As in the case of the temple, we must avoid over-specifying either what the scriptures say or how they are to be studied. But I think the risk of over-specifying in this case is far less than in the case of the temple, simply because it is easy to have lots of discussion of the scriptures, since they and discussions of them are open to all; hence it is easy to avoid getting into a rut that overspecifies.

  32. Adam Greenwood on September 22, 2004 at 8:51 pm

    It’s also because, as Nate never tires of pointing out, that the scriptures are so many and varied (even apparently contradictory) that they can’t effectively be over-specified unless people aren’t reading them.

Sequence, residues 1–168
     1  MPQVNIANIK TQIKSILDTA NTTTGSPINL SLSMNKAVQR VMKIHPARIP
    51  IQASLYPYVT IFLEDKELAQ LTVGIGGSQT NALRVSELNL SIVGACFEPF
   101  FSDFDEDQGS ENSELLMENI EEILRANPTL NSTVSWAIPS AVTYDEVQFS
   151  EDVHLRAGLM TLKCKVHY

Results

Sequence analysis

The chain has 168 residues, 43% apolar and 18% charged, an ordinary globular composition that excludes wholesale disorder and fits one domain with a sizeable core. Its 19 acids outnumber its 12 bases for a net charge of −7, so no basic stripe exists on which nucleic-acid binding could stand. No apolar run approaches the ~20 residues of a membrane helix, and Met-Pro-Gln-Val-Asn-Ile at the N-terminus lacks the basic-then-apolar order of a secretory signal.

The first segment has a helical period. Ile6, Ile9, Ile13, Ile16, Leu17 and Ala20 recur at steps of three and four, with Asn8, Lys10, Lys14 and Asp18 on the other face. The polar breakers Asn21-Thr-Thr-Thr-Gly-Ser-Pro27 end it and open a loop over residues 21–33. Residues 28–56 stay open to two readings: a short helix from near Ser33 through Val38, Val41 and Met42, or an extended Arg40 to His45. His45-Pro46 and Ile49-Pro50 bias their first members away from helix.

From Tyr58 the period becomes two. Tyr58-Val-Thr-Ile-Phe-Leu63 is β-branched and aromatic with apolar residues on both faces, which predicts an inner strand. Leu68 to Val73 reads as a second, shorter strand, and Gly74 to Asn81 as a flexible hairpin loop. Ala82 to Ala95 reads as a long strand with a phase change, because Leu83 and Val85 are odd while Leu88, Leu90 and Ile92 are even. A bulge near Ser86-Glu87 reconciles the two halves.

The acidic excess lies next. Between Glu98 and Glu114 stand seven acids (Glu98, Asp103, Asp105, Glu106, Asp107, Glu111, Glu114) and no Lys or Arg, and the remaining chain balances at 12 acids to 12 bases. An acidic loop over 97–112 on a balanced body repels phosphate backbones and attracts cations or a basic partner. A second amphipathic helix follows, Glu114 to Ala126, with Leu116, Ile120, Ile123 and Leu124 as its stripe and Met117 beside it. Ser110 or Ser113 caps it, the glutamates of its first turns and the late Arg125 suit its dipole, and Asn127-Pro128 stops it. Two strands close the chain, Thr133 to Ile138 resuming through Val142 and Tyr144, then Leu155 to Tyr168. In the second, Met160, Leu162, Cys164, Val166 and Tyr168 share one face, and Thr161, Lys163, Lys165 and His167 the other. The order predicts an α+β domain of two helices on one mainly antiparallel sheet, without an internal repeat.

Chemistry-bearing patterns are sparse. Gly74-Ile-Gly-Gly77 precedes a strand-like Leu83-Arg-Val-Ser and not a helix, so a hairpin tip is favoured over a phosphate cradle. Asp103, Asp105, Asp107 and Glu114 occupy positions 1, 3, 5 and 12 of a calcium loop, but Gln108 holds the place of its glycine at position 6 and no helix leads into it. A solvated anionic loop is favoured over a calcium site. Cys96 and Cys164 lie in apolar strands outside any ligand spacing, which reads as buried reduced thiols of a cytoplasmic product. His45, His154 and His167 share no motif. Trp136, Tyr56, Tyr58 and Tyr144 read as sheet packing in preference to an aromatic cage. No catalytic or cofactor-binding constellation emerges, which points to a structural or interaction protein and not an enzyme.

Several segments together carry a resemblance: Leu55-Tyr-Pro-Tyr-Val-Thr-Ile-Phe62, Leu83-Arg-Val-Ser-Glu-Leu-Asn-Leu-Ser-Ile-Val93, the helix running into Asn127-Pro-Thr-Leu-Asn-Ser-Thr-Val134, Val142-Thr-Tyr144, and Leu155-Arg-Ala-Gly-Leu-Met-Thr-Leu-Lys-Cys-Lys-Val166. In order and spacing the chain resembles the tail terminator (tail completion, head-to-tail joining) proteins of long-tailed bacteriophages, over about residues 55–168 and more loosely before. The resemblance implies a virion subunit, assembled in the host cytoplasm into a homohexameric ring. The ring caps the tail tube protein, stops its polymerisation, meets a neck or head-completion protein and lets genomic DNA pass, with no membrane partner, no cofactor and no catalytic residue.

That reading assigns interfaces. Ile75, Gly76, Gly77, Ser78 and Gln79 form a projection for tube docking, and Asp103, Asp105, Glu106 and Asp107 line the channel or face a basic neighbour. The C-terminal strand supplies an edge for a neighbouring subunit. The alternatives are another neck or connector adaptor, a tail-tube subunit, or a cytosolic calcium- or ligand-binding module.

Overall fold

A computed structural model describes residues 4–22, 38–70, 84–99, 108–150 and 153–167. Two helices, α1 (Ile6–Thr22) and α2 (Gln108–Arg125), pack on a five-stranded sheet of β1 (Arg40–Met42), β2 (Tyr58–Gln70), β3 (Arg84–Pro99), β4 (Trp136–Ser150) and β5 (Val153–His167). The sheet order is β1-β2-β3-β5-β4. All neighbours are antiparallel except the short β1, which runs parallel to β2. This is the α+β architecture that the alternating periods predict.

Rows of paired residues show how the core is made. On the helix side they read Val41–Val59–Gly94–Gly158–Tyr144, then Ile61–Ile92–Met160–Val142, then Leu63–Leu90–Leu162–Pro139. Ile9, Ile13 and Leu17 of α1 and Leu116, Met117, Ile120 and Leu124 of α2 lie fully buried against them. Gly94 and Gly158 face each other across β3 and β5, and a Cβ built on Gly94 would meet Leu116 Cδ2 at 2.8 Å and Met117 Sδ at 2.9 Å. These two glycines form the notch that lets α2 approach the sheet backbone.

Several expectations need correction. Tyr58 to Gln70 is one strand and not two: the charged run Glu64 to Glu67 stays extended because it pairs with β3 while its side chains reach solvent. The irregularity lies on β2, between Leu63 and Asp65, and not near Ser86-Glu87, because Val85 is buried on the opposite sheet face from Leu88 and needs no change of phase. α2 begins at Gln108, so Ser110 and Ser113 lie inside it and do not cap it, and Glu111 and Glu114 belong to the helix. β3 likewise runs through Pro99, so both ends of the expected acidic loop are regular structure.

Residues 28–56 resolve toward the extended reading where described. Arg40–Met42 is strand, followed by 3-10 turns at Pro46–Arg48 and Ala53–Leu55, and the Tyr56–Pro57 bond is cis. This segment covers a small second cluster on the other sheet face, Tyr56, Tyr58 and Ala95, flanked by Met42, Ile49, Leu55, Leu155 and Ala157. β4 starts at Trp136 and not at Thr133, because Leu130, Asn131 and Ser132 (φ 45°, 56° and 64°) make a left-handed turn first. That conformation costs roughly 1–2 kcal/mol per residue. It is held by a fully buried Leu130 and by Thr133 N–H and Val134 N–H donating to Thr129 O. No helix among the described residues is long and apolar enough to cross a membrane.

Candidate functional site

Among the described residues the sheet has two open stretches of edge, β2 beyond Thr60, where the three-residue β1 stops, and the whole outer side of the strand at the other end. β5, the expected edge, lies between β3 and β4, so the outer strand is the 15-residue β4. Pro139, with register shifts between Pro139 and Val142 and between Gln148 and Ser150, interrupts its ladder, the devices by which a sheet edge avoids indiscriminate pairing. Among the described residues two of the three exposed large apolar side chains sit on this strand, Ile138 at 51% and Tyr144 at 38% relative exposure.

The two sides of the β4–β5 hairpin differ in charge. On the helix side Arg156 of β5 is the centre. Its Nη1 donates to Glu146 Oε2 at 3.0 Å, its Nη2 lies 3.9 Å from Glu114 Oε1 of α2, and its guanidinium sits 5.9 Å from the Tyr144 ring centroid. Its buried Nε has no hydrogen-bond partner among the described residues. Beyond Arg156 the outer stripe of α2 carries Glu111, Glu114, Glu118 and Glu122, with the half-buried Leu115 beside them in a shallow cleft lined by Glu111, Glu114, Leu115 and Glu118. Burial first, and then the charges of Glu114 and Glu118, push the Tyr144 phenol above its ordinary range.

33. Jonathan Neville on September 22, 2004 at 11:10 pm

    I appreciated JWL’s comments for several reasons, but one of the main reasons is the increased appreciation I’ve gained over the years for the Catholic Church. On my mission in France, we were convinced that the Catholic Church was evil, kept the people in darkness, etc. Having returned there several times over the years, I see it in a different light. The church there did a lot to keep the people aspiring for a better life, higher ideals, etc.

    The high church/low church distinction is very helpful and something we ought to be more aware of.

  34. Adam Greenwood on September 23, 2004 at 11:47 am

    Thanks for the comments, y’all. This is the best discussion I’ve seen on T&S.


Times and Seasons is a place to gather and discuss ideas of interest to faithful Latter-day Saints.